Electro-oscillograms were recorded during attentive and relaxed wakefulness and sleep phases up to desynchronized sleep, both before and after injection. Selected epochs of the electro-oscillograms were digitized at a 256-Hz sampling rate and fed into a computer for off-line analysis. The potentials were visually and instrumentally analyzed. Visual analysis was necessary to identify the phases of wakefulness and sleep; instrumental analysis was performed to determine the frequency spectra as well as the instantaneous frequency of theta waves, calculated by complex demodulation. The mathematical routines were written in our laboratory for use in the MatLab® environment.
During wakefulness and desynchronized sleep theta rhythm shows great regularity (see wakefulness with exploratory behavior in Figure 1), with maximal voltage and frequency usually being observed when alertness is intensified. If behaviors become more energetic (see H, R, E in Figure 1A) such regularity may be briefly interrupted, particularly by wide oscillations or desynchronization in the dorsal raphe nucleus and area 10. Instantaneous frequency variations (Figure 1B) are concomitant and occur inside a narrow band, except between 6 to 8 and 12 to 14 s. When control injections were made, the electro-oscillograms remained the same in all leads. Between 20 to 30 s after microinjection (Figure 2) of the drug there was intense motor agitation (see H, R, E in Figure 2A) concomitant with increasing electro-oscillogram voltage and large variation of its modulation band, without synchrony between leads or relation with behaviors. Frequency varied widely. Compare the instantaneous frequency of all leads in Figure 2B with the corresponding leads in Figure 1B. Interestingly, the large variations of instantaneous frequency in the dorsal raphe nucleus caused by 8-OH-DPAT were modulated by iterative and regular oscillations. CA1 recordings, however, displayed instantaneous frequency patterns closer to normal. This effect diminished progressively with the repetition of the injections (10-min intervals), but with no return to normal theta rhythm: regular potentials disappeared, with only frequencies above 20 Hz remaining after the fourth injection. Without new injections, electro-oscillograms return to the normal wakefulness pattern after 2 to 4 h.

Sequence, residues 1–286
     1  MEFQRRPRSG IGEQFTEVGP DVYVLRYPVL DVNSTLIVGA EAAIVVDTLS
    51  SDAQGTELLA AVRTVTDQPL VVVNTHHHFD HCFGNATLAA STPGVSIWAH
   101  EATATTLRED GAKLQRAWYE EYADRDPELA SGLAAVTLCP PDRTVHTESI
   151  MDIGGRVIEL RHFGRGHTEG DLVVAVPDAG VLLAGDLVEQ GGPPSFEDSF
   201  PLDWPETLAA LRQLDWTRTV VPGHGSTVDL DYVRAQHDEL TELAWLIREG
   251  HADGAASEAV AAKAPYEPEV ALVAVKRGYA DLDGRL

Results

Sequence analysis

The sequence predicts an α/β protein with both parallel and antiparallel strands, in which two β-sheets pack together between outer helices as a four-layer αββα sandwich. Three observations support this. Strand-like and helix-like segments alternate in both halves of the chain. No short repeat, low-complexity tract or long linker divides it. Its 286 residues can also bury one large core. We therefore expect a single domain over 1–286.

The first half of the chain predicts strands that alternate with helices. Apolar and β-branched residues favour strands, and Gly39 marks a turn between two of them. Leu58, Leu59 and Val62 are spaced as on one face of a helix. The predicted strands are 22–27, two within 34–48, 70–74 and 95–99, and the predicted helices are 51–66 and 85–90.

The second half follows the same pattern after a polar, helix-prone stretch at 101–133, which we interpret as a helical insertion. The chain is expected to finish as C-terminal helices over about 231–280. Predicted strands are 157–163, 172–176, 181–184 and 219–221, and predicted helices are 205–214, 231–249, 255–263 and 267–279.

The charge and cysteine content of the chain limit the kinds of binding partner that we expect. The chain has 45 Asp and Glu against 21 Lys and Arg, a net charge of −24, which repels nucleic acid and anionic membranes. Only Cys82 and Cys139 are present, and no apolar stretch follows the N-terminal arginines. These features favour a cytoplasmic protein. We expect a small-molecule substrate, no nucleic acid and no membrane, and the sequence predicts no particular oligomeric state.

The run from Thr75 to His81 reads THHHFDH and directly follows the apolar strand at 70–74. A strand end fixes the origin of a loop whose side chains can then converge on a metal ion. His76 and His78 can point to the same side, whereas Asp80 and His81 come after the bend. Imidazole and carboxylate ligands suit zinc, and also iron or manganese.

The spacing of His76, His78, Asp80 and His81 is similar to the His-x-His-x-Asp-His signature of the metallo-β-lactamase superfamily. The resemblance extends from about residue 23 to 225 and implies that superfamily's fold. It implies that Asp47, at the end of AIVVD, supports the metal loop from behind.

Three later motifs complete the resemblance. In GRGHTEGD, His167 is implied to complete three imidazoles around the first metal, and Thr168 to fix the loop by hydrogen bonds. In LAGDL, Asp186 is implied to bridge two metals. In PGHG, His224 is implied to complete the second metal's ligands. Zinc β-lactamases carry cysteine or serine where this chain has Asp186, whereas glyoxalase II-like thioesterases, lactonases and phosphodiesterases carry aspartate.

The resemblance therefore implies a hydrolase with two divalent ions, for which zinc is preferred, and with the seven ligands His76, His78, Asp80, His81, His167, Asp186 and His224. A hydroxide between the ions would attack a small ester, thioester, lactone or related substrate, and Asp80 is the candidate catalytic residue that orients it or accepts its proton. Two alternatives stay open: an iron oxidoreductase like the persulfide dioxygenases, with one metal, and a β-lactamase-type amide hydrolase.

Supporting the hypothesis of a key role for theta rhythm in alertness, the simultaneous occurrence of behavioral disorders and irregular but still present theta waves shows the importance of coordinated oscillation. The suppression of spectral coupling between the studied areas after serotoninergic inhibition indicates the influence of dorsal raphe nucleus projections to the neocortex on local genesis and synchronization of potentials.
|Figure 2 - A, Electro-oscillograms as in Figure 1A, after 8-OH-DPAT administration. The rat moved more intensely 20 to 30 s after microinjection, as shown by the larger number of high voltage muscle potentials. Despite the increase in spontaneous movements, no organized behavior can be identified. The electro-oscillograms display low entropy signals, but desynchronization is predominant and theta rhythm is not prominent and appears not to be rhythmically well organized. B, Instantaneous frequency variation. Only CA1, which receives its major serotoninergic afferentation from the median raphe nucleus, shows a trend to narrowing the oscillation band (segments 4 to 6 and 8 to 11 s). DR, however, oscillates more regularly (at 1 to 1.5 Hz). Abbreviations as in legend to Figure 1.|
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Address for correspondence: G. Ballester, Laboratório de Neurocirurgia Funcional LIM.45, Faculdade de Medicina, USP, Av. Dr. Arnaldo, 455, 01246-903 São Paulo, SP, Brasil. E-mail: firstname.lastname@example.org
Presented at the XIII Annual Meeting of the Federação de Sociedades de Biologia Experimental, Caxambu, MG, Brasil, August 26-29, 1998. Publication supported by FAPESP. Received April 28, 1998. Accepted February 22, 1999.